Although no one brought me coffee during November, or afterwards in celebration, I managed to win National Novel Writing Month and set a new word record for myself. 52,083 words over the course of 15 writing days in 21 documented hours that don’t count my short free writes.
Considering this is where I started, I can’t believe where I ended. I’m really proud of myself. And tired.
I relearned a lot about myself as a writer and person over the month, more than I had anticipated. I don’t want to bore anyone with the finite details, so here are the writing lessons I re-remembered over the month that I think others (and my future self) will find fruitful:
Let yourself wander. Outlines and plans are marvelous things, I wouldn’t have succeeded without either, but you have to let yourself deviate from them. This is one of my biggest issues, I always worry about the amount of editing I’m possibly creating for myself later on when I wander from my outline or that I’m not getting to where I need to be fast enough. Those worries have no place during the initial writing process! Writing is part plan, part organic creation for me. I need to give myself permission to simply write, to let the words lead me where they will. I’ve talked about this topic before, here, and I need to keep reminding myself.
Have a side project to cleanse the writing pallet. I made sure I had other story ideas ready to go before NaNo started because one of my biggest concerns was hitting a wall with my main WIP and not being able to climb over it. However, I worried in fear. I had one day where I worked on a different story for 40 minutes before I returned to my novel. At no point did my words stop flowing mid-writing session. I still think it’s important to have a different piece to work on in order to clear your head space, especially if you’re handling difficult topics or emotions. Whatever keeps your flow going, do it.
Creating is exhausting. Writing is exhausting, period. It’s rewarding, but nothing drains my mental batteries like writing. I can’t do anything that requires thinking after extended writing. Planning ahead if you suffer from this is a must.
Stretch and move. Getting out of your chair and getting your blood flowing are essential to the creative process. If writing is mentally exhausting, it’s just as difficult physically. Just think about the your basic writing position: back arched over keyboard, arms and shoulders folded tightly inwards, eyes almost unblinking and laser focused on small print, neck held stiff with your head titled forward. It’s hard on your body. Be nice to your body.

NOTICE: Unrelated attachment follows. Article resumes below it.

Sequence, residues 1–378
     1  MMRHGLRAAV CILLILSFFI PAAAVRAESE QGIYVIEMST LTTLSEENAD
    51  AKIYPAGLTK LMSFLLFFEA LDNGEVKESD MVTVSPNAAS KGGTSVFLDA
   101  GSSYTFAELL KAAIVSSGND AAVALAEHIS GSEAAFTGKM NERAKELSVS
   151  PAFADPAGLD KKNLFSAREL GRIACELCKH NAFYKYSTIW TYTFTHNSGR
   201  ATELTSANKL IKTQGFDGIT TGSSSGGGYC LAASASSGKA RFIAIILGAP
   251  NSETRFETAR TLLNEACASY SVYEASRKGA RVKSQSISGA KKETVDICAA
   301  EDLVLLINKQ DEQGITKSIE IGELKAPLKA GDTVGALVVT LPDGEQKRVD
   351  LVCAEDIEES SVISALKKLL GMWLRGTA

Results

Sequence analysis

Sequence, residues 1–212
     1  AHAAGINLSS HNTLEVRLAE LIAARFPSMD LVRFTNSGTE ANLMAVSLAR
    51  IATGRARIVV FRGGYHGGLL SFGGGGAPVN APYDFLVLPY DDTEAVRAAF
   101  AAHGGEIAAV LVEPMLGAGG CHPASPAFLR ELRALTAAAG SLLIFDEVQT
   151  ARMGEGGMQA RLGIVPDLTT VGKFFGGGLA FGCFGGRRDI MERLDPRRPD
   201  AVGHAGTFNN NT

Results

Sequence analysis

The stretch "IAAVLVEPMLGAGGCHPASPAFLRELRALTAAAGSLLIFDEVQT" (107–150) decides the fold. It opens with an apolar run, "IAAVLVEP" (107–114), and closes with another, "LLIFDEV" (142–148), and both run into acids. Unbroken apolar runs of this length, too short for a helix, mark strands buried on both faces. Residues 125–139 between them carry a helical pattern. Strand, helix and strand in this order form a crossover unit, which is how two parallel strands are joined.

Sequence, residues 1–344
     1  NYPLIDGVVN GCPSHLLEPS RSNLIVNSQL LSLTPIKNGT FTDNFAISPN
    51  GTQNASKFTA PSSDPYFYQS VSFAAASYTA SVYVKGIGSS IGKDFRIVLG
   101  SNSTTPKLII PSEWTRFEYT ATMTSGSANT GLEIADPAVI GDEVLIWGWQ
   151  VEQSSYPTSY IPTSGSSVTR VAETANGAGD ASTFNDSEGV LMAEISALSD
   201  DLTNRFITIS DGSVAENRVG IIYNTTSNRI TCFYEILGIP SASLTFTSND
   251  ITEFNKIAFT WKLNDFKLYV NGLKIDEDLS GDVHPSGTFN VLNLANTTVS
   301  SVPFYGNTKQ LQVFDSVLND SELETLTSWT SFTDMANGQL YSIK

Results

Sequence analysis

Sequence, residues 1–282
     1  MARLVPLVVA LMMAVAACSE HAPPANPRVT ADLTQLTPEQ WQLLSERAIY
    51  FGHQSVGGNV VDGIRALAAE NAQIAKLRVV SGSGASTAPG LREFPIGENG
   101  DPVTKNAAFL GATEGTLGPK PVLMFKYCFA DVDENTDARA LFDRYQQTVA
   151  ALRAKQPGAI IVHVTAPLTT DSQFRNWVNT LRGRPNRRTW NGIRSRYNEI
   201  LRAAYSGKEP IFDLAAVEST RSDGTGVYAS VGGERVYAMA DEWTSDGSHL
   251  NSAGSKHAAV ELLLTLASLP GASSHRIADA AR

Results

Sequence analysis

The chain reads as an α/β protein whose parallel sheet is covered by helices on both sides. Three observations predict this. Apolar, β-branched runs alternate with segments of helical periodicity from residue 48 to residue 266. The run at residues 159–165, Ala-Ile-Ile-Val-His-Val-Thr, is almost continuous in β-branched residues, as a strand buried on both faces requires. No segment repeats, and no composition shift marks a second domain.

Breaks are undervalued. See the two points above? Mental and physical fatigue come hand in hand with writing for me, and I would assume you? Breaks are not only important to schedule so that you have an opportunity to stretch, but your mind needs the boost too. Plus activity boosts brain power! I found the days that I started writing earlier and allowed myself more and longer periods of rest turned into my highest word count days.
Be tired and unmotivated, but write anyway. In all of November I skipped one non-voluntary designated writing day because I was genuinely ill and it just wasn’t happening. But there were other days over the course of the month where I felt beyond tired and completely unmotivated to write. I sat at my desk, stared at my computer and said, “I really don’t want to do this today.” However, I made a deal with myself. I set my timer for 30 minutes, my regular sprint time, and I’d see how things went. Guess what? Once I started, I hit my goal on each of those days. Starting is the hardest part, but you get into it, and it’s really not so bad. Even if I’d only ended up writing for the first 30 minutes, those would have been words I hadn’t had before. Every word counts.
Set the bar low, but aim high. This point is all about my mental perception, and it won’t work for you if you’re not a writer who sets a daily word goal. I find that if I set aside a day to write without any set goal to accomplish I get absolutely nothing done. Nothing. NaNo was all about the math and hitting small writing day targets in order to hit the big goal for the month. I have learned the hard way that every day I set aside to write I need to have a goal in mind. And it must be a goal I know I can crush but feel satisfied with when I make it. That happy endorphin buzz I get from winning cannot be undervalued –positive reinforcement goes a long way. Challenge yourself, but don’t place the bar out of reach.
Work writing into your schedule, don’t schedule around writing. This is something that counters a lot of writing advice I hear regularly, but it’s one that fits my reality. I have a day job, chores, and social engagements that take up a lot of my time. I can’t get out of them. Even if I were to someday write full-time, the other aspects of life would still get in the way. The first NaNo I did in 2013 involved me working my whole month around word goals. Monday to Friday every week I had huge numbers to hit, and I did because I wasn’t working at the time. I did the same this time around, allotted myself extra time by taking a week off work, but I’m not going to have that opportunity every month going forward –and damn straight I want to keep up my writing now that I’m in the habit of it. I can’t schedule my existence around writing. It’s not conceivable for me at this time, but I can squeeze it in, and that’s going to have to work for now.
NaNoWriMo was long and exhausting, but far more rewarding than I anticipated. Not only did I write 2/3 of my starting WIP, I wrote 1/3 of book two in my series. My big picture plan came to fruition in that the challenge got my creative juices flowing, I’m jonesing to get back to my two manuscripts and I don’t recall the last time I felt this way. I desperately want to hold onto it -that’s my major win.
How did your NaNoWriMo 2015 challenge go?